Partitioning disks is a confusing business. There is much about the topic that I don’t understand and, if we’re lucky, technology can move right along making the understanding of such things irrelevant. But for now, understanding a few of the underlying concepts can make dealing with partitioning problems much easier.

A hard drive is a physical device that contains a number. That number is quite long, often 1 terabit these days. So there is no magical dots or divots on the physical hard drive surface. It is just a number. The nice thing about a hard drive is that you can change the digits of the number any place it is convenient: 31415926535 can become 31010920505 easily enough.

It is actually possible to take a number and just send it directly to an unformatted hard drive. You can even get that number back. The operating system kernel should have low level hardware drivers designed to physically write stuff to the device. In Linux, those drivers make themselves available by the kernel in the form of a "device". For example, a hard drive might be /dev/hda. This represents a direct connection to the raw bit reading/writing capabilities of this device. You could, for example, do this (but don’t!):

dd if=/dev/urandom of=/dev/hda bs=1000 count=1

This would fill the first 1000 bytes of the output file, your hard drive, with the first 1000 bytes of the input file. In this case, the input file is another fake file that the kernel offers which just constantly produces random numbers. In summary, this is an excellent way to toast your whole system. You’d be playing with the low level workings of what gets stored to the hard drive. This is not an easy thing to manage and indeed there are other ways.

Why File Systems?

First let’s look at why it’s not easy to manage. You may think that if you have a file that it would be ok to send it to a spare hard drive like this:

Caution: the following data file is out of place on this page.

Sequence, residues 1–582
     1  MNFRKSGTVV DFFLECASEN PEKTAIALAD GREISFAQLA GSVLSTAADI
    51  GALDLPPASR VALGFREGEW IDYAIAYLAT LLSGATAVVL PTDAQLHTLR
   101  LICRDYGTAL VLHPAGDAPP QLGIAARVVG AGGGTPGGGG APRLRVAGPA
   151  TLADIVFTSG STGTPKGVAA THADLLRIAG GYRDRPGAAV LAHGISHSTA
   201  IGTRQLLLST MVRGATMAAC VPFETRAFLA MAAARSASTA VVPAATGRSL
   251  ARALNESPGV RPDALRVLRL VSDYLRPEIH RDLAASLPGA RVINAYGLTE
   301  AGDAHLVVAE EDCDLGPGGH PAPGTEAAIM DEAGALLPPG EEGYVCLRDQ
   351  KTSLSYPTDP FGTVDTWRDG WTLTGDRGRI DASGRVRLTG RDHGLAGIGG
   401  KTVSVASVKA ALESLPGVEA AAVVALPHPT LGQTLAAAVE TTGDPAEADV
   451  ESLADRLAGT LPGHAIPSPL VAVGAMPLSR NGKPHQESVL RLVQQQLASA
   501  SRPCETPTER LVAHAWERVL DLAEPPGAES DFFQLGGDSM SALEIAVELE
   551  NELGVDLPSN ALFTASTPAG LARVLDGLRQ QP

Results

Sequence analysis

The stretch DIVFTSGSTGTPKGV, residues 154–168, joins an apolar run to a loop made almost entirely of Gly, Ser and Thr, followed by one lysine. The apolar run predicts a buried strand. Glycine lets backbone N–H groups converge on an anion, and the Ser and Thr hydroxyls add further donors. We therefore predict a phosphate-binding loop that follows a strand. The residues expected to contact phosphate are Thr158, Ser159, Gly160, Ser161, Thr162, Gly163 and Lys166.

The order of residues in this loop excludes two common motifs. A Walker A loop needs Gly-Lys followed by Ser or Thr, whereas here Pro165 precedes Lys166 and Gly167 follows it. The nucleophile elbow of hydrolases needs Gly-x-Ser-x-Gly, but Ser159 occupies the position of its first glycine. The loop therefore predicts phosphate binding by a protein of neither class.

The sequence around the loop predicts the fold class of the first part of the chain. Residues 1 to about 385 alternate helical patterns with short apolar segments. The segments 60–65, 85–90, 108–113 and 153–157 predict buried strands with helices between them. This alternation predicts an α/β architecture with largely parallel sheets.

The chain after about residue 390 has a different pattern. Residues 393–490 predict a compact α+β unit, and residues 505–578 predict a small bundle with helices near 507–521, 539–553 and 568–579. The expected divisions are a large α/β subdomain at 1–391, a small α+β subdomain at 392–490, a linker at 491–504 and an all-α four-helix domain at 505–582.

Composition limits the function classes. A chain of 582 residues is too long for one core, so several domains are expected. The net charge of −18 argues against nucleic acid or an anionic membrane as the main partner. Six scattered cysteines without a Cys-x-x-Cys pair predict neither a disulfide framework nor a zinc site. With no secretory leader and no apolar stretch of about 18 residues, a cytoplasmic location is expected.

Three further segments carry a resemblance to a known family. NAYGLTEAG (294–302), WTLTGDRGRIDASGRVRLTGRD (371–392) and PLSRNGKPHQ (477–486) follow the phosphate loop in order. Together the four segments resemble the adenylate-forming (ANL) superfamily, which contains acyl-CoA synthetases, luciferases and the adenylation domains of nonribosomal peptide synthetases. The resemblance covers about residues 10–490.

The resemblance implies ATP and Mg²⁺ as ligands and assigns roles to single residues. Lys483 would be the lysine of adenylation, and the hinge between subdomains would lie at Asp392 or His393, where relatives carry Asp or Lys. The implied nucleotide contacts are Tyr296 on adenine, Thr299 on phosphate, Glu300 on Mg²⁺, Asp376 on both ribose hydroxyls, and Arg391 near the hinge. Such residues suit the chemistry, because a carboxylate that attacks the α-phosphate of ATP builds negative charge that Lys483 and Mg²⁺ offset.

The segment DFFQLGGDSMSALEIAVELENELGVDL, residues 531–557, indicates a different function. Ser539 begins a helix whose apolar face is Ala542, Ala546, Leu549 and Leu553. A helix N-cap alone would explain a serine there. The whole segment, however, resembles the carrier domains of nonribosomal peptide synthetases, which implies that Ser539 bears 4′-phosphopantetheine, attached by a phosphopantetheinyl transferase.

dd if=/home/joe/secretlist.txt of=/dev/hdb

This would indeed store the file secretlist at the beginning of hdb. But what if you want that back? You can’t just say:

dd of=/home/joe/secretlist.txt if=/dev/hdb

The reason is that the dd program (which moves bytes around without asking too many questions) won’t have a clue where to stop. In this case, it would make a secretlist.txt file that is exactly the size of the entire hard drive b.

Ah, so this is why we need file systems. With a file system, I can specify that I’d like file secretlist and the file system driver will do a lot of work to, in effect, come up with a command like this:

dd of=/home/joe/secretlist.txt if=/dev/hdb bs=5361 count=1 seek=3230483

The details are unimportant, but this is a dd command that is pulling a very specific subset of data off of a very specific location on the disk. So filesystems are important in order to make practical use of your storage resources.

Why Partitions?

Then we take a step back and ask why are partitions important? Couldn’t a file system be created on the whole disk? Yes it could. As a backup drive, this might work out. But for normal situations, there is just a convention that drives are partitioned. To whom is this convention important? The most important player is your BIOS. When you power on your hardware, the BIOS needs to load some stuff into memory and get the ball rolling. BIOS usually depends on a hard drive having a certain organization. Specifically, the BIOS is counting on the first sector of the hard drive to contain the Master Boot Record (MBR) which will give clues about what to do next. If you’ve gone and put a file system on the raw disk, then the MBR will just be confusing to the BIOS.

So partitions are practically required if not theoretically. The reason such a system was setup was because it was an all or nothing proposition. Either the BIOS would understand a partitioning scheme or it would understand a single monolithic file system on the raw device. With the former, you can achieve the latter, but not the other way around.

Why would anyone want partitions? There are lots of reasons.

  • Perhaps you want different file system types (FAT, ext3, swap, vendor utility) on one physical disk.

  • Perhaps you want different operating systems on one physical disk.

  • Perhaps you want to be able to segregate data from the activities related to some other part of the disk.

For many people none of these reasons are important, but the system is universally set up like this just in case the need arises.

Partioning Strategy

How does partitioning work? Let’s say you start with a blank hard drive; this will clear your whole hard drive to zeros:

dd if=/dev/zero of=/dev/hda

Now lets say you want two filesystems on a harddrive which is 50 bytes. This is one way to do it:


The first partition is everything up to the X and the second is after. But this means that you can’t do this:

00Chris X Edwards00000X000000000000000000000000000

We could choose something that we would never use:

00Chris X Edwards00000~000000000000000000000000000